18. ^ Wu, J. J.; Zhang, L.; Bennett, A. M. (16 May 2005). "The Noncatalytic Amino Terminus of Mitogen-Activated Protein Kinase Phosphatase 1 Directs Nuclear Targeting and Serum Response Element Transcriptional Regulation". Molecular and Cellular Biology. 25 (11): 4792–4803. doi:10.1128/MCB.25.11.4792-4803.2005. PMC 1140620Freely accessible. PMID 15899879. 
  19. ^ Vasudevan, Sanjeev A.; Skoko, John; Wang, Kuan; Burlingame, Susan M.; Patel, Parul N.; Lazo, John S.; Nuchtern, Jed G.; Yang, Jianhua (6 May 2005). "MKP-8, a novel MAPK phosphatase that inhibits p38 kinase". Biochemical and Biophysical Research Communications. 330 (2): 511–518. doi:10.1016/j.bbrc.2005.03.028. PMID 15796912. 
  20. ^ Wu, JJ; Zhang, L; Bennett, AM. "The Noncatalytic Amino Terminus of Mitogen-Activated Protein Kinase Phosphatase 1 Directs Nuclear Targeting and Serum Response Element Transcriptional Regulation". Molecular and Cellular Biology. 25: 4792–4803. doi:10.1128/MCB.25.11.4792-4803.2005. PMC 1140620Freely accessible. PMID 15899879. 
  21. ^ Wu, J. J.; Zhang, L.; Bennett, A. M. (16 May 2005). "The Noncatalytic Amino Terminus of Mitogen-Activated Protein Kinase Phosphatase 1 Directs Nuclear Targeting and Serum Response Element Transcriptional Regulation". Molecular and Cellular Biology. 25 (11): 4792–4803. doi:10.1128/MCB.25.11.4792-4803.2005. PMC 1140620Freely accessible. PMID 15899879.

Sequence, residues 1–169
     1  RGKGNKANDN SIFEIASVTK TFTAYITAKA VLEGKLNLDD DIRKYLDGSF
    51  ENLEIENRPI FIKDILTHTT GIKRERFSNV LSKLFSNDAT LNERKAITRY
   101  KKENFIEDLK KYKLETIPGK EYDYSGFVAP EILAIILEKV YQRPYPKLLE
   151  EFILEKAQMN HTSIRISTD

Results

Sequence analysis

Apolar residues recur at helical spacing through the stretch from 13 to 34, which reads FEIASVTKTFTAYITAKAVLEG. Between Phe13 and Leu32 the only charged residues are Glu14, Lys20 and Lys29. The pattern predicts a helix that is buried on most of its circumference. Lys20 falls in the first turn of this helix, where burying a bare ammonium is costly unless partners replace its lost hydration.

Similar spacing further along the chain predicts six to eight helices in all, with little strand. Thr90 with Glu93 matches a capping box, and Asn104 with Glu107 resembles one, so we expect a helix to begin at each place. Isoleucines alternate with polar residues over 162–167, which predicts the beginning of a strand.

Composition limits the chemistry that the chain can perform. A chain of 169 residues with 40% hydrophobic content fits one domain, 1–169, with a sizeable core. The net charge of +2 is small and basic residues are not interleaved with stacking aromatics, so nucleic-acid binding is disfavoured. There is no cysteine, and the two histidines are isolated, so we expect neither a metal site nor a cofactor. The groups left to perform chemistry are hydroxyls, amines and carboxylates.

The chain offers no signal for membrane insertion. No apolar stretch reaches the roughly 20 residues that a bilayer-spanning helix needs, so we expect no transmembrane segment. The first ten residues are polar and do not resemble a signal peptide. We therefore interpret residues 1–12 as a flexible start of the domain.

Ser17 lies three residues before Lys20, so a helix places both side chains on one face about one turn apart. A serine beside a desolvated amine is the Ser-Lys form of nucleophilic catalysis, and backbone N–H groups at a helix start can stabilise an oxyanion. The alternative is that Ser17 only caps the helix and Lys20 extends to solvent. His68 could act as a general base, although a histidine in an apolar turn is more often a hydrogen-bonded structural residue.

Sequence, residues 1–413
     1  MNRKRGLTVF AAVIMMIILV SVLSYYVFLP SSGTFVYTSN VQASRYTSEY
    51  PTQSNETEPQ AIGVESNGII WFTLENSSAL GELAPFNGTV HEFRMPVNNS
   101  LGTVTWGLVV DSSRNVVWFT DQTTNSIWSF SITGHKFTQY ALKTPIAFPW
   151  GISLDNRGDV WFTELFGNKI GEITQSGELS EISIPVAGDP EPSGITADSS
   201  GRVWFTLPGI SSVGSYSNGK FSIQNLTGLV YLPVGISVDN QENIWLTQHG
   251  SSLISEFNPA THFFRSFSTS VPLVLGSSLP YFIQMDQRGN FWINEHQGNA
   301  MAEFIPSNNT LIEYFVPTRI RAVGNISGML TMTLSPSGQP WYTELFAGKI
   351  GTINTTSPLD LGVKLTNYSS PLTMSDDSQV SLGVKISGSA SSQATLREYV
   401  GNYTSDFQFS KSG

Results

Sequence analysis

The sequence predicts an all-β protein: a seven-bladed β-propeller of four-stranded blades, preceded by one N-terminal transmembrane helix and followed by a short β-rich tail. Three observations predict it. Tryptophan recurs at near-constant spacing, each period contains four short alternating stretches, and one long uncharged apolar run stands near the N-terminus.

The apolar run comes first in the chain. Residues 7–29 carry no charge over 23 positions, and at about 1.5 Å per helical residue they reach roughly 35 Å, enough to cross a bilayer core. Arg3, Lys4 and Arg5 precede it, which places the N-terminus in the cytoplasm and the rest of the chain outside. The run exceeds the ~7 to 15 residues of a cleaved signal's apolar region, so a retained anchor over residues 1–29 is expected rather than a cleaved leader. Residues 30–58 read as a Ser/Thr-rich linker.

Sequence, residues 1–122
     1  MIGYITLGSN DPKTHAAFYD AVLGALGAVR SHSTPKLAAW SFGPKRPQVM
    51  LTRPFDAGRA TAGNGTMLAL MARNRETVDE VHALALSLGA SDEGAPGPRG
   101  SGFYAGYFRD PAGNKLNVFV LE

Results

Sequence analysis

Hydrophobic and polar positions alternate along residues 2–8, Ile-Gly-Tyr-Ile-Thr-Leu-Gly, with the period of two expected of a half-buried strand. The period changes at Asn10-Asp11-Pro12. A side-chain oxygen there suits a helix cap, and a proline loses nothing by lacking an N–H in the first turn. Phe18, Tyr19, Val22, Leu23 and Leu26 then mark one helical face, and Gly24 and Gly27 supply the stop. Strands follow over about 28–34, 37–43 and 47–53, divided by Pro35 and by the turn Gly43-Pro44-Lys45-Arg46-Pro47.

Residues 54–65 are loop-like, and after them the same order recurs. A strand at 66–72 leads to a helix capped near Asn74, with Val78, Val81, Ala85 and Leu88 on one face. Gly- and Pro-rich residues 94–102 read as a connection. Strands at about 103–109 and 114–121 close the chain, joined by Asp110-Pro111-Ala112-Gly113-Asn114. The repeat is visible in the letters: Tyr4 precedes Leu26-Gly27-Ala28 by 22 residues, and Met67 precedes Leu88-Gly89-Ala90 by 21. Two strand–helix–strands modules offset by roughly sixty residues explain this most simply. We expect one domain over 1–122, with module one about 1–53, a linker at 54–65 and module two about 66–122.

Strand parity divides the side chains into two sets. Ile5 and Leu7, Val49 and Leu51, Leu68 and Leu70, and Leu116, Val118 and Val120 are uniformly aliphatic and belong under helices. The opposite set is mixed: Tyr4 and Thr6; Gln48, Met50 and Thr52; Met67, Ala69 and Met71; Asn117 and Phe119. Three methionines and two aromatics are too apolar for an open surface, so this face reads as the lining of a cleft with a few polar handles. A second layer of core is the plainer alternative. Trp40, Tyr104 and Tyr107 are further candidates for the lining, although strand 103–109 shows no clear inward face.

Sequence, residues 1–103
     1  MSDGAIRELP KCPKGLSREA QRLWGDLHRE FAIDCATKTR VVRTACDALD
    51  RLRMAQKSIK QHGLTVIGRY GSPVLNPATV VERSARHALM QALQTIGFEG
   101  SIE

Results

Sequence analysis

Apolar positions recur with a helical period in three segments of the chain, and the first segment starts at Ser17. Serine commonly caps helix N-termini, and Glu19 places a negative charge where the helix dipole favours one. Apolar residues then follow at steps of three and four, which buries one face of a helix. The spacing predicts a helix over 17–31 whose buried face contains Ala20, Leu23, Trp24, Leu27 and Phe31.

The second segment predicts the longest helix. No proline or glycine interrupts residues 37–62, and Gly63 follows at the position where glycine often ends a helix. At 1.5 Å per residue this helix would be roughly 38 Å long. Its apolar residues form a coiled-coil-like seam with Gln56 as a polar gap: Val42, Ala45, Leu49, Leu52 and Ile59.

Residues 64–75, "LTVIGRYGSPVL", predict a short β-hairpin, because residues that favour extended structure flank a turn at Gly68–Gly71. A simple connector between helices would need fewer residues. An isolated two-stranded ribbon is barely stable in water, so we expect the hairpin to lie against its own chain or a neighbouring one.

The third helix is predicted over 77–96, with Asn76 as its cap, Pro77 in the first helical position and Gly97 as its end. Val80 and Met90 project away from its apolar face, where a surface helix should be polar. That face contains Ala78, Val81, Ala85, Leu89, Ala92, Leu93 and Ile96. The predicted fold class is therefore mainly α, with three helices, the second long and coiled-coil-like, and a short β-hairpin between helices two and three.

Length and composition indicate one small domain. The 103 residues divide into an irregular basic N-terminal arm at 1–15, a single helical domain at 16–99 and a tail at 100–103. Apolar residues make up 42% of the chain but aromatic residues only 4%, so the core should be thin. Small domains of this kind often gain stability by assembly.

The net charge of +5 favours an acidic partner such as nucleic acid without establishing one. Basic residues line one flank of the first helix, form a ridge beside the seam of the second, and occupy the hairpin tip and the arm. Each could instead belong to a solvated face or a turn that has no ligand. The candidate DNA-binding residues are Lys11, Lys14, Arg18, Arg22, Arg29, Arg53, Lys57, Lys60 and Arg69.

22. ^ BARDWELL, A. Jane; ABDOLLAHI, Mahsa; BARDWELL, Lee (15 March 2003). "Docking sites on mitogen-activated protein kinase (MAPK) kinases, MAPK phosphatases and the Elk-1 transcription factor compete for MAPK binding and are crucial for enzymic activity". Biochemical Journal. 370 (3): 1077–1085. doi:10.1042/BJ20021806. PMC 1223246Freely accessible. PMID 12529172. 
  23. ^ Karlsson, Maria; Mathers, Joanne; Dickinson, Robin J.; Mandl, Margret; Keyse, Stephen M. (1 October 2004). "Both Nuclear-Cytoplasmic Shuttling of the Dual Specificity Phosphatase MKP-3 and Its Ability to Anchor MAP Kinase in the Cytoplasm Are Mediated by a Conserved Nuclear Export Signal". Journal of Biological Chemistry. 279 (40): 41882–41891. doi:10.1074/jbc.M406720200. ISSN 0021-9258. PMID 15269220. 
  24. ^ Camps, M. (22 May 1998). "Catalytic Activation of the Phosphatase MKP-3 by ERK2 Mitogen-Activated Protein Kinase". Science. 280 (5367): 1262–1265. doi:10.1126/science.280.5367.1262.